I made a big trade in one of my main head-to-head leagues Wednesday, and it was met with a lot of scoffing on the message boards when it went through. The guys in this weekly league are pretty liberal with the libel, so I wasn't shocked. I have been in this league for a few years now and catch my share of smack talk because I write about fantasy. Still, the following message, posted by a team whose name cannot be printed in this family-friendly format, was a little galling:
Yes, it was Dwight (not Josh) Howard for Chris Kaman. So, why did I do it? Here's my riposte to my tormentor's jab:
OK, clearly, a defense is in order.
I made the trade not based on the per-game value of Kaman versus Howard, although I think there is a strong argument there as well. I did it because of the remaining schedule. At the start of next week, Kaman and the Clippers will have 42 games left on their schedule; Howard and the Magic will have 36. That's a six-game difference. There are five weeks in which I will have a one-game advantage with Kaman over Howard, and one week in which I will have a two-game advantage. Howard has just one more week in which he will play more games than Kaman. That was the key to the deal, from my perspective.
You might ask: What about Howard's utter dominance in rebounding? The six-game difference erases that. Assuming their averages remain the same, Howard (36 games at 14.9 per game) will have 536 rebounds, rounding down. Kaman (42 games at 13.9 per game) will have 584. Advantage Kaman, especially during all those four-game weeks when Howard will be playing three.
Blocks? Kaman owns this one. He (3.1 per game) will have 129 blocks for the rest of the year, while Howard (2.57 per game) will have 92.
Points, I will lose a bit on, since Kaman is projected to score 731 and Howard 791. But if you divide the difference (60) by the number of weeks remaining (12), you get five points per week. I think there is a good chance I can make that up with other players.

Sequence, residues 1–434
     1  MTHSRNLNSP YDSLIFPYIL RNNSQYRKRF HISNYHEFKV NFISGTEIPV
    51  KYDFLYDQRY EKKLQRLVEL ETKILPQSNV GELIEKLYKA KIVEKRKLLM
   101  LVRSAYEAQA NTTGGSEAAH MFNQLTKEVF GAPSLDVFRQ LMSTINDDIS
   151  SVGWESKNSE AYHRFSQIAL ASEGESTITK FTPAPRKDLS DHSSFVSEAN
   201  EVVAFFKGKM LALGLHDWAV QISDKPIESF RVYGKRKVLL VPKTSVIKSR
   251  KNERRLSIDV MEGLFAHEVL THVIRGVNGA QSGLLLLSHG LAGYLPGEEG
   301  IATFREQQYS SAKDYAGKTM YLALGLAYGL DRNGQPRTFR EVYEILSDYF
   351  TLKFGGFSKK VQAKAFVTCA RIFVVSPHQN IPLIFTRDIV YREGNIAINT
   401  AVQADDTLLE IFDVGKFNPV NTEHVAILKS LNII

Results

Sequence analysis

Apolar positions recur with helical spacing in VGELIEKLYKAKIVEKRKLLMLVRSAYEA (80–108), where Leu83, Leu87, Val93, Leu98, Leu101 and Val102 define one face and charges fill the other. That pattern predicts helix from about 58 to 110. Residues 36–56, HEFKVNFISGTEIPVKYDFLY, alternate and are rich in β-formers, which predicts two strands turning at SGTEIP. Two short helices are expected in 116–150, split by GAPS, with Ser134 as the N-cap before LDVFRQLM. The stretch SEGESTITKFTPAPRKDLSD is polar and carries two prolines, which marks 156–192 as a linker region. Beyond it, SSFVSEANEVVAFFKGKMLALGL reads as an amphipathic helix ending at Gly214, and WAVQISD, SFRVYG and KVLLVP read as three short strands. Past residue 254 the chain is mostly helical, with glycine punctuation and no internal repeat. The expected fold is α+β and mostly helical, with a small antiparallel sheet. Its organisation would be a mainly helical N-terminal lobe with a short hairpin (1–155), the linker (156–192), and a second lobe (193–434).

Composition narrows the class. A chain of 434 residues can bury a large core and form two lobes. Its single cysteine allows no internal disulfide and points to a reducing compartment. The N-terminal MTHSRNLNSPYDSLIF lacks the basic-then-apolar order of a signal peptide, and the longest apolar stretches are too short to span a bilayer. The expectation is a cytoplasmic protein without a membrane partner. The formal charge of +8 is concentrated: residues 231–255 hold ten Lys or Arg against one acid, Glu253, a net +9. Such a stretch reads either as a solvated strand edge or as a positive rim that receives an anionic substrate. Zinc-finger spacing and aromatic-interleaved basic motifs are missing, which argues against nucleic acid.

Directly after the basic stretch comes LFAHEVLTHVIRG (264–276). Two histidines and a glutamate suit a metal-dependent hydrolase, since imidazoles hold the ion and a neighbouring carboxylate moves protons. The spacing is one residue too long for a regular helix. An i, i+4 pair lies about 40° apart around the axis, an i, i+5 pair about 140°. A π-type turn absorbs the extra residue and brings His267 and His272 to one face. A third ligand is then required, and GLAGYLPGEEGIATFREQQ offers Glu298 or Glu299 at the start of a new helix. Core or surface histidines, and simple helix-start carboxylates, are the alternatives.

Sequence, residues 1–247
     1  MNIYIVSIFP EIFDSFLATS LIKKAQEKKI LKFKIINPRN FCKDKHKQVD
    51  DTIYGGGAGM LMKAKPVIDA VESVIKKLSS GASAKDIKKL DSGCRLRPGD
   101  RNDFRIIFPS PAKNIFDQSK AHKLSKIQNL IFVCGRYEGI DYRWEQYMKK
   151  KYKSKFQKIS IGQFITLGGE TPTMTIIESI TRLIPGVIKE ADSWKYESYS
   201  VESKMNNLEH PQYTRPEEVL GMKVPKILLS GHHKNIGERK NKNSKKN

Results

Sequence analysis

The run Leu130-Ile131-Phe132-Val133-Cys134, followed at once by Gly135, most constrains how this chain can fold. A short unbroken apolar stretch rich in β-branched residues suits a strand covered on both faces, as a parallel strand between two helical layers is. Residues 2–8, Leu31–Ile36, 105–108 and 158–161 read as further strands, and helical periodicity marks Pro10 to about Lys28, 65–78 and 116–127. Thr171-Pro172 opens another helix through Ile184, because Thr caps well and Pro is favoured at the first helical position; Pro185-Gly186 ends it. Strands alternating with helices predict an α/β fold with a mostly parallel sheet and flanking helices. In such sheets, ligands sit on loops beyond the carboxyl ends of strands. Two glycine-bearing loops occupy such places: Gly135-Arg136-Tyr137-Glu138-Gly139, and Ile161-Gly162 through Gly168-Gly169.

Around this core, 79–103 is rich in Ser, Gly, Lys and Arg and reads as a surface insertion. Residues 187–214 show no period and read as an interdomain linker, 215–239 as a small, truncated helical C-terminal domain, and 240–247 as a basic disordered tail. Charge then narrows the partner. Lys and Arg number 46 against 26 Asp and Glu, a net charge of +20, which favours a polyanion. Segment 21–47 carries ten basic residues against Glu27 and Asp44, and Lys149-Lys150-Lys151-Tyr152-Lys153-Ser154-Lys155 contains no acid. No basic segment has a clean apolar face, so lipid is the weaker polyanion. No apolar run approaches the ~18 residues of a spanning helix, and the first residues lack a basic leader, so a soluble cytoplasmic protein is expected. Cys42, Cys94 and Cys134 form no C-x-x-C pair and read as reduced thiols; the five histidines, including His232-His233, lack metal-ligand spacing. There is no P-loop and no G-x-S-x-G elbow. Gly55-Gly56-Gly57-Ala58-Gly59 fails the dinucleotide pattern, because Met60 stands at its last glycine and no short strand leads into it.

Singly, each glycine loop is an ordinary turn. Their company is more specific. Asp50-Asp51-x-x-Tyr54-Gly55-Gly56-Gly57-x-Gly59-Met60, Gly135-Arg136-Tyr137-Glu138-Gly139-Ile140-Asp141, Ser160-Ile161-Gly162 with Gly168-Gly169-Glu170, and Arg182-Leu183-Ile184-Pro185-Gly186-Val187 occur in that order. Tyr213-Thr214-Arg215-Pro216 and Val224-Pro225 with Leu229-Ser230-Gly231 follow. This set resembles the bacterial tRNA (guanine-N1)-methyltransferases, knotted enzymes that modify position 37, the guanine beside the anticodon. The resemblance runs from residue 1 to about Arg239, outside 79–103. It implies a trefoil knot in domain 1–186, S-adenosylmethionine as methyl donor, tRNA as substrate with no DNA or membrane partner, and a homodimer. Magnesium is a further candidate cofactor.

Turnovers are very close: Kaman 132, Howard 116.
Steals, I will lose on: Kaman 23, Howard 38.
A big difference will be in free-throw percentage, where Howard's 11.8 attempts per game made his 60 percent unbearable. It was nearly impossible to win that category with him on board. Yes, I still have Eddy Curry, but his 60.2 percent is almost tolerable because he attempts only 5.3 free throws a game. Now I will at least be competitive in this category, because my better free-throw shooters will comprise a higher percentage of my team's total free-throw attempts.
I will take the biggest hit in field goal percentage, where Howard is godly (59.6 percent), but Kaman (48.2 percent) isn't awful, and I will remain competitive in the category because I have other decent shooters on the team.
In terms of name value, I was killed in this trade, but in terms of quantifiable value, I think I came out ahead. I needed to make a move to ensure a spot in the playoffs. I am more confident of reaching that goal than I would have been had I sat on Howard. Of all the players out there, Kaman represented the biggest gain in games played. Furthermore, his strengths are similar to Howard's (except in field goal percentage), and that was why I targeted him.
In a head-to-head format, if you could magically trade to get six more games from a key player on your squad, wouldn't you do it? That is close to what I pulled off with this trade. I addressed an area of weakness (free-throw shooting) without sacrificing my strengths and in fact improved some of my strengths because of the extra games.
Keep an eye on the schedule the rest of the way and target players on teams with more games remaining. The Clippers, who have the most games left, unfortunately do not have that many great fantasy players. Kaman would be a sweet catch, however.
Guy Lake is a fantasy basketball analyst for ESPN.com. You can e-mail him at firstname.lastname@example.org.